Workplace culture can be broadly defined as how employees describe their working environment. While some cultures will be defined naturally based on a small business owner’s leadership styleor industry type, a lot of it will also be determined by the employees you hire and the office tone that management sets. How you implement your unique small business culture in day-to-day operations can help to attract and retain talent while ultimately contributing to your business’ success. Here are some characteristics of seven types of company culture.
- Appreciative Culture: While employees value bonuses and promotions in recognition of a job well done, there is more to creating a culture of appreciation. Studies have shown that employees prefer an in-person “thank you” or a positive report delivered to senior management. While it may feel awkward at first, research indicates this kind of approach motivates employees to repeat good performance and correct workplace issues when they arise.
- Customer Service Culture: Companies that embrace a culture dedicated to top-notch customer service recognize that meeting customers’ needs is a responsibility that extends beyond the customer service department. All employees should be aware that they are expected to put the customers first always and that office policies are designed to be customer friendly. Employees should also recognize that senior management is measuring service quality and customer feedback on a regular basis.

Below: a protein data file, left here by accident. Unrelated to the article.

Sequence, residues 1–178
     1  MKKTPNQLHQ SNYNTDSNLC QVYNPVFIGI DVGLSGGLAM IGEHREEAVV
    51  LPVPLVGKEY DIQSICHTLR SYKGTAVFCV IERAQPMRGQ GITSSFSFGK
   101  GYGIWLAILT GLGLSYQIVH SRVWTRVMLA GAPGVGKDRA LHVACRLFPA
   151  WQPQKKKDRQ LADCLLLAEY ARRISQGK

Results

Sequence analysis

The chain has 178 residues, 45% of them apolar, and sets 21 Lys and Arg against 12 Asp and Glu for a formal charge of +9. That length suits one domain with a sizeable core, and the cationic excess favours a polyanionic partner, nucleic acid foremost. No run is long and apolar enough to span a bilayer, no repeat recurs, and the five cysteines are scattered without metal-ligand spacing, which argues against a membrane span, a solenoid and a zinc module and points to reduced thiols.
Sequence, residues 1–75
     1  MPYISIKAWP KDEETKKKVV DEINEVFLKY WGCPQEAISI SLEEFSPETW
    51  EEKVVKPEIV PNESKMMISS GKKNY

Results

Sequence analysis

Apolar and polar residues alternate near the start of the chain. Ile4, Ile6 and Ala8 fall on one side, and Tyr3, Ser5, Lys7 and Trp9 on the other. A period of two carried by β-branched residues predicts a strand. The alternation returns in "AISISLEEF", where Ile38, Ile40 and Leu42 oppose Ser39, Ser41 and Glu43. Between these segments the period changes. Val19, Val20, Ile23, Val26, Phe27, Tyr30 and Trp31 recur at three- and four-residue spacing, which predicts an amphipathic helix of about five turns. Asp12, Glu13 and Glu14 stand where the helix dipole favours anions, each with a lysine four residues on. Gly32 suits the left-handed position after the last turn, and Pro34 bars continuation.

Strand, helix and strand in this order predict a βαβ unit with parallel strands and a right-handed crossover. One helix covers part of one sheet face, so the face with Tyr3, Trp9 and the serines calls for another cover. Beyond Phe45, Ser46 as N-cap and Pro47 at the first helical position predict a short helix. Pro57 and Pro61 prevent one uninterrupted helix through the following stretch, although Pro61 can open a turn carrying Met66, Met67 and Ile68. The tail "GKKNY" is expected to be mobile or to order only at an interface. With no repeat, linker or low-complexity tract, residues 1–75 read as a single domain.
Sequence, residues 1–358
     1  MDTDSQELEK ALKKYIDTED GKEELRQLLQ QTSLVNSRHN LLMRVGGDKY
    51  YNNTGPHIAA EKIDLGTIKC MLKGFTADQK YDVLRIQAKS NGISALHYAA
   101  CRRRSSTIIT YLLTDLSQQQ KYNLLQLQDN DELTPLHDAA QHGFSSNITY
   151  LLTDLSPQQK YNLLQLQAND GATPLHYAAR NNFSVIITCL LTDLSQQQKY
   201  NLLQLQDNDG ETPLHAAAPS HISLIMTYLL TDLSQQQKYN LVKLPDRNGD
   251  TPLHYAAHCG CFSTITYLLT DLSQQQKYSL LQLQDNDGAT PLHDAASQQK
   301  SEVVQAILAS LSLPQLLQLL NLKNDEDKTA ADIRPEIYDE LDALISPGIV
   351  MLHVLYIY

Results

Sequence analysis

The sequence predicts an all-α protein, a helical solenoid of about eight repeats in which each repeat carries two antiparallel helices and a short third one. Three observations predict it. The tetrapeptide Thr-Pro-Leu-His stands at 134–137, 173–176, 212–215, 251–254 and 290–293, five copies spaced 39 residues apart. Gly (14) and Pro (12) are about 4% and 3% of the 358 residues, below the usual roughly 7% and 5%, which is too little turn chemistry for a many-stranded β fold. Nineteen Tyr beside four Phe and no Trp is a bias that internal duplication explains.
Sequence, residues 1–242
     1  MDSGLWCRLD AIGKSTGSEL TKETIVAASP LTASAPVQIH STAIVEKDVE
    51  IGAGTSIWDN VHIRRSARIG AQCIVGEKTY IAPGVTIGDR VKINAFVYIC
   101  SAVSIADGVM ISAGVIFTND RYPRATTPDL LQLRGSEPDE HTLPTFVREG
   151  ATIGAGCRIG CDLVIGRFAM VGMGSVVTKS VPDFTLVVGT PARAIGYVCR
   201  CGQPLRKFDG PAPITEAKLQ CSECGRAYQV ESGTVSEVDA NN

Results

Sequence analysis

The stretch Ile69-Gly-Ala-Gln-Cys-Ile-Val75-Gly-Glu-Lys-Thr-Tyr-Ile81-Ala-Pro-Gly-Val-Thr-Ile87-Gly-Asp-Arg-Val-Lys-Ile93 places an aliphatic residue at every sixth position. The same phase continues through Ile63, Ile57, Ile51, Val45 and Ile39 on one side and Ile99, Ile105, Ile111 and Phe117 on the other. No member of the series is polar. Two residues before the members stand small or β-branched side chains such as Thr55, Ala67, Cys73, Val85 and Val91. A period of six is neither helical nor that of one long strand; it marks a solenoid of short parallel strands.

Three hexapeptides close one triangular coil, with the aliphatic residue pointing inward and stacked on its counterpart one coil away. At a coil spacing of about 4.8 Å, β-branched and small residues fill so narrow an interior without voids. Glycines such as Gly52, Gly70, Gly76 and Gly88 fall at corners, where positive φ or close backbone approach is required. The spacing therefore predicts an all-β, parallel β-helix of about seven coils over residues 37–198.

- Family Business Culture: Family businesses are often multi-generational and, therefore, have long-established norms, processes and rituals. On the plus side, they are known for mentoring and cultivating employees’ career growth over the long haul. On the downside, due to a family-like environment, employers may be more hesitant to let underperforming employees go. Keeping these types of employees around could have a negative impact on work output and office morale.
- Innovative Culture: Innovative companies tend to be fast moving and often encourage employees at all levels of the organization to take risks. Such companies seem to be guided by research, such as a Harvard University study, that says there is a direct correlation between an employee’s autonomy and their creative output. Senior managers in this type of culture need to be wary of burnout, making it even more important to communicate regularly with staff.
- Merging Cultures: When two companies merge, it is crucial to pay attention to combining two distinct cultures. In fact, ignoring the issue can not only have a negative impact on employee morale, but can ultimately undo the partnership. While in some cases the dominant culture prevails, it is best for merging companies to build a new culture based on shared values, processes and philosophies.
- Trust-Based Culture: While trust is arguably important in any business setting, there are companies that actively seek to foster this type of environment. These companies are built on solid relationships between and among management and employees, as well as with customers. Additionally, they are committed to an open-door policy and transparency in their transactions and agendas.